• Thanks in advance,

Traditional/Formal

The English language has a long, rich history of conventions — and that includes traditional sign-offs. The following examples have their roots in old-fashioned letters and can be used to conclude emails as well. These lean toward the formal side, but sometimes the context may call for formality (or perhaps that’s your preferred style).

  • Yours,
  • Sincerely,
  • Best Wishes,
  • All the best,
  • Warm Regards,
  • Warmly,
  • Respectfully,
  • Kindly,

Familiar

If you're regularly exchanging emails with a close colleague, it's natural to drop the formalities and begin treating emails more like text messages. But, even in this case, you should still consider adding casual sign-offs to keep the tone positive and friendly.

  • -first initial
  • -first name
  • Thx,
  • Cheers,
  • Chat soon,
  • Talk soon,
  • Take care,

Now that we’ve covered the most common sign-off words and phrases, let’s discuss the final piece that comes after the comma: the email signature.

What To Include In Your Email Signature

When penning a letter on paper, you can usually end it by simply signing your name at the bottom. But, when it comes to email, it’s typical (and advisable) to use a more robust, informative email signature — which can be configured to automatically appear at the end of all your emails.

Unless your company has a mandatory email signature template, you have some creative flexibility in regards to the fields and format you choose to use. At the end of the day, it’s a personal choice — but one you should take seriously, as your email signature can be part of your personal brand.

That being said, here are the 3 fields you should always include:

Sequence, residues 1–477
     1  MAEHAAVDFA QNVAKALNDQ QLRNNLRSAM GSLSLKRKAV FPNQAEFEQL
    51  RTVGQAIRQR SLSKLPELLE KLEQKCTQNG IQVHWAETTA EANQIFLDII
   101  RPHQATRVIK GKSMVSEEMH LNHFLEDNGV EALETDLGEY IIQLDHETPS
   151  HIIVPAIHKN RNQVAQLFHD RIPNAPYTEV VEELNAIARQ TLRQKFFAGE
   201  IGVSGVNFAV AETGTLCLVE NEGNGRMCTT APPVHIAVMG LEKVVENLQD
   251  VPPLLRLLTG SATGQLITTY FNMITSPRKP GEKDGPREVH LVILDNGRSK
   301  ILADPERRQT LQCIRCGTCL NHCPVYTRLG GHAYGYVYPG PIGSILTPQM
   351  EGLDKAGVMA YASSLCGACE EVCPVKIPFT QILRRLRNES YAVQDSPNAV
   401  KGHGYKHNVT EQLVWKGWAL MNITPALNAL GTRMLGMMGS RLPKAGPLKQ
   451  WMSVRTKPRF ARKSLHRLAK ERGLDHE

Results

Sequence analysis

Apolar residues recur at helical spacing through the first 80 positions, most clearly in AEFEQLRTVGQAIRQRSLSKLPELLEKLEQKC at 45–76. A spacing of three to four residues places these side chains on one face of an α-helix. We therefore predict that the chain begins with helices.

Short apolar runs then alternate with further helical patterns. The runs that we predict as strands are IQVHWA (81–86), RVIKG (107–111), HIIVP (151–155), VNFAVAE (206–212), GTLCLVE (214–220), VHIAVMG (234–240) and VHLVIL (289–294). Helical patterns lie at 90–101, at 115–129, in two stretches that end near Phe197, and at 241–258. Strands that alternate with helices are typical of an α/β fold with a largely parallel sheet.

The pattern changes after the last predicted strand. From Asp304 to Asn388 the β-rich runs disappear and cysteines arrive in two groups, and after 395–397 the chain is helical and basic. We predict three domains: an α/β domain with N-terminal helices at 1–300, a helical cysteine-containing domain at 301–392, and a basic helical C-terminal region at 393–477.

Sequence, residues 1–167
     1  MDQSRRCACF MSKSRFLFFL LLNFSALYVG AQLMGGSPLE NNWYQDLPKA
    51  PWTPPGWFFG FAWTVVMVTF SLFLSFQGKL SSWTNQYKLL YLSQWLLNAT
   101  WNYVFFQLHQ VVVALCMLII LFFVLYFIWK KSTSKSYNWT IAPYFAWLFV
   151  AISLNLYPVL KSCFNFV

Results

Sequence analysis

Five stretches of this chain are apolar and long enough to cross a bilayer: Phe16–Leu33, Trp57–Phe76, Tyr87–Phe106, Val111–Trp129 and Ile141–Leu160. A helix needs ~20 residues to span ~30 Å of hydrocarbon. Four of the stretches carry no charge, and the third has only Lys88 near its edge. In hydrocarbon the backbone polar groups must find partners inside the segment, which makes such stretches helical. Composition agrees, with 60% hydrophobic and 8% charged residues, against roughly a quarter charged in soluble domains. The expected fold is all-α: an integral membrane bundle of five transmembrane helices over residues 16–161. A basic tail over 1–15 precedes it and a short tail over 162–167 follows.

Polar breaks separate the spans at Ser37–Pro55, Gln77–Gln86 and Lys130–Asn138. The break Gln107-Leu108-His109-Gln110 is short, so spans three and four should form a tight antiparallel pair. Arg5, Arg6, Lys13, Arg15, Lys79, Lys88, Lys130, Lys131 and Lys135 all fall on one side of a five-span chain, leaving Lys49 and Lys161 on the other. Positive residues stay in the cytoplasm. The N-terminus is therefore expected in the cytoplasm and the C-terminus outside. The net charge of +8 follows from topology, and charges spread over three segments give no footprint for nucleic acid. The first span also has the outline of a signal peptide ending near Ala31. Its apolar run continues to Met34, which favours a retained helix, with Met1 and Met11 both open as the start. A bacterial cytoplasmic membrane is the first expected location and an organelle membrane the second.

1. Your First and Last Name
  2. Your Professional Job Title
  3. Your Company (if applicable)

And, in addition to the items above, here are some other elements to consider adding:

  • Phone Number
  • Logo
  • Small Headshot
  • Links to Social Profiles (e.g. LinkedIn)
  • Company Slogan
  • Value Proposition
  • Brief Announcement / Upcoming Event

You should limit yourself to just a few elements from this list, as you don’t want to go overboard. A large, busy email signature that’s crammed with too many items can be distracting and also potentially come across as a bit ‘spammy.’ On the other hand, a sleek, stylish signature can really elevate the overall look and feel of your emails.

Email Tips Continued…

We’ve now walked through the ins and outs of professional email sign-offs. But, ironically, knowing how to properly end an email is just the beginning — there’s a vast world of email etiquette, tactics, and best practices that this article has only scratched the surface of.

The email tips that are most relevant to you will obviously depend on your goals. Here at Cultivated Culture, my goal is to help people land jobs they love without connections or ‘traditional’ experience! So, if you’re currently seeking a new position, be sure to check out my resources on:

And, lastly, don’t miss my complete guide on How To Get A Job Anywhere With No Connections!

Austin Belcak

Austin is the founder of Cultivated Culture where he helps people land jobs without connections, without traditional experience, and without applying online. His strategies have been featured in Forbes, Business Insider, & Fast Company and has helped people just like you land jobs at Google, Facebook, Amazon, Apple, Microsoft, Twitter, & more.